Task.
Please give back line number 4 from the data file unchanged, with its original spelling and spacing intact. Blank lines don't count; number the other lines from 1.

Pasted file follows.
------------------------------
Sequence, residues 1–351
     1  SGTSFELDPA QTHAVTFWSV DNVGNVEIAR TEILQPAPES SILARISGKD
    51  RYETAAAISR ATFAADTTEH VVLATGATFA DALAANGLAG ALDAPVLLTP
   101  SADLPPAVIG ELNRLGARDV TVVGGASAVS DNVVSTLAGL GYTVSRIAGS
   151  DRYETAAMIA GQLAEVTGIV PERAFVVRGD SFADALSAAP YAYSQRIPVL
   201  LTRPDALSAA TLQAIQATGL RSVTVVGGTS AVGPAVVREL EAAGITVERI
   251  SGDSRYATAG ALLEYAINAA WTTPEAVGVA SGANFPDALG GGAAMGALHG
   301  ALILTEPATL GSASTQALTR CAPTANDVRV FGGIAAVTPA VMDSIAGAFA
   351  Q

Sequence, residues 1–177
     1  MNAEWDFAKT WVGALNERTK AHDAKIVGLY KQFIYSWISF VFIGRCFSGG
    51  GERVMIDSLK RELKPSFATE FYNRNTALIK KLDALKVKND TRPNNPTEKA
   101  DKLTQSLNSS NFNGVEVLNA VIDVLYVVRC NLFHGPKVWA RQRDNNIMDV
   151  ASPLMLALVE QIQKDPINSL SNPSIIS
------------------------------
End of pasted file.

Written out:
   101  SADLPPAVIG ELNRLGARDV TVVGGASAVS DNVVSTLAGL GYTVSRIAGS